The ice crystal size tended to decrease with increasing freezing rates of pork loin (Fig. 2B). The exponential regression model accounted for 86% of the data fit, as also indicated by Kono et al. (2017). Based on the results, slow freezing (<0.5 cm/h) generated large ice crystals, the equivalent radius of which ranged from 42.5–47.6 μm compared to the 23.8–31.2 μm with rapid freezing treatments (>0.5 cm/h). In particular, the decrease in ice crystal size with freezing rate did not obviously occur in the rapid freezing domain. However, the ice crystal size of pork frozen at 0.63 cm/h (–30°C with 1.5 m/s air flow) did not differ from that with treatment 1 (–20°C without air flow), probably due to a high SD. To generate smaller ice crystals than those produced with treatment 1, a freezing rate greater than 0.7 cm/h was required (p<0.05). However, no difference in ice crystal size was found among the pork loins treated with quick freezing (0.63–1.42 cm/h), reflecting the existence of critical-size ice crystals. According to ANOVA, temperature and the air flow rate significantly affected the ice crystal size (p<0.01), while the variables did not show an interaction effect on ice crystal size (Table 1). Based on ice crystal size, the freezing rate of pork loin could be classified as slow (category I; <0.4 cm/h), intermediate (category II; 0.6–0.7 cm/h) or rapid (category III; >0.96 cm/h). Considering that quality deterioration of frozen meat is caused by the growth of ice crystals, further acceleration of the freezing rate of pork loin from 0.96 cm/h might be disadvantageous from the perspectives of operational cost and energy savings (Nastasijevic et al., 2017).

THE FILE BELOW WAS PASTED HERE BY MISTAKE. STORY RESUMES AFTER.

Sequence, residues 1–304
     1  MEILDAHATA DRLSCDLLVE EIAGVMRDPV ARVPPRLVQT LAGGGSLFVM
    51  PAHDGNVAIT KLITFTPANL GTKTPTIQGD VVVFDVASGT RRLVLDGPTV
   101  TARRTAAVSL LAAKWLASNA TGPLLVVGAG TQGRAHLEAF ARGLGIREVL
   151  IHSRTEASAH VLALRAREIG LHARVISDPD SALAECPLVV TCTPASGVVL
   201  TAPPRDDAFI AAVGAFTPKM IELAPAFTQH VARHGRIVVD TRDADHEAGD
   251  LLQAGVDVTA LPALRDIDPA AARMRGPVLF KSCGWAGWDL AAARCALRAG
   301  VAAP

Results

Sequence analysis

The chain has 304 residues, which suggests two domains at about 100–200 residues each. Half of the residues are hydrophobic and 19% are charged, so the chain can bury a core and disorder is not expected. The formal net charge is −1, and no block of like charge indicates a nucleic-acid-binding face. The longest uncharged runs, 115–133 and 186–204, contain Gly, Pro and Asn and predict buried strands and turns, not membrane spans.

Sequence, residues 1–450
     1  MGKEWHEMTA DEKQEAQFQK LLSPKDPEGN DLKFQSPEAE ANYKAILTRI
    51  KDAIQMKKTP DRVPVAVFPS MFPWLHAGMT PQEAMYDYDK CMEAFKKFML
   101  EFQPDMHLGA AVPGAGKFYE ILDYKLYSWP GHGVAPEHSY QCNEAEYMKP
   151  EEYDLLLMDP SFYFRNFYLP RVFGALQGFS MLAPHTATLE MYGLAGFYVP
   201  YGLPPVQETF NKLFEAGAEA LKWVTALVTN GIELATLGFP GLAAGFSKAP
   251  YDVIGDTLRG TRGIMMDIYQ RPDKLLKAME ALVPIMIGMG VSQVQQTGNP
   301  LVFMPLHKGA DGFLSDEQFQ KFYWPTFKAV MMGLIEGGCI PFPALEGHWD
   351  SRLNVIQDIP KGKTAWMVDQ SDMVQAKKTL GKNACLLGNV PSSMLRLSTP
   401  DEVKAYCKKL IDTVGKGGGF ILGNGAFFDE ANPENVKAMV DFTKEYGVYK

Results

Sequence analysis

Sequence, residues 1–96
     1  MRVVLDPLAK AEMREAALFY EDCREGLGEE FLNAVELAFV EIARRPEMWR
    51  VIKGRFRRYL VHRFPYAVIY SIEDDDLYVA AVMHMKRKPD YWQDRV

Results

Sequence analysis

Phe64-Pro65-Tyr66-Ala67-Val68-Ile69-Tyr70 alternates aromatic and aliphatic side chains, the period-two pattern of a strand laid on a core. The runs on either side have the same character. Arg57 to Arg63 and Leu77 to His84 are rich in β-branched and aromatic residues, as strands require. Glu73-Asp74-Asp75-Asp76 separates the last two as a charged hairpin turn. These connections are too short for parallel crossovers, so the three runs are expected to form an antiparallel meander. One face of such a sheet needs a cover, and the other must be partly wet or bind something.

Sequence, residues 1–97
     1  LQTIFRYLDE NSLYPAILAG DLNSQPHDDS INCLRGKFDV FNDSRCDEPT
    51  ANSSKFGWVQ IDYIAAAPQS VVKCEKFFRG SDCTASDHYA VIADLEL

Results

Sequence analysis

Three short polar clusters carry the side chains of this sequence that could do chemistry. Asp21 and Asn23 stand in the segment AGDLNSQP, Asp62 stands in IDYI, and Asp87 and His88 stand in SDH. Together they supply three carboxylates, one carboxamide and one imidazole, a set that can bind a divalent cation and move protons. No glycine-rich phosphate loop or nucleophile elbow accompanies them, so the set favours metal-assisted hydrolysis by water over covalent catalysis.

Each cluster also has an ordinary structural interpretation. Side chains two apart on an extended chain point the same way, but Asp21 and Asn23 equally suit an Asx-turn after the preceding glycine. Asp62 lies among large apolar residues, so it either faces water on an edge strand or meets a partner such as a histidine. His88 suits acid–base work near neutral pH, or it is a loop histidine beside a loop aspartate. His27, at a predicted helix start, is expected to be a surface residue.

The thawing loss of pork loin ranged from 1.72%–4.35% and tended to linearly decrease with increasing freezing rates (Fig. 3A). Because the effect of storage period was excluded in this study, the thawing loss of pork was comparably lower than that in ~10% of reports adopting a 6-month storage period (Tomaševi et al., 2015). Therefore, experimental deviations showed little significance for thawing loss among treatments. Nevertheless, compared to that with conventional freezing (treatment 1), significantly low thawing loss was found in category III (p<0.05). Since thawing loss of frozen meat was solely attributed to freezing conditions, the result indicated that meat quality in category II, where meat was treated following the standard of traditional quick freezing (0.5 cm/h), was not better, as is frequently argued (Farouk et al., 2004).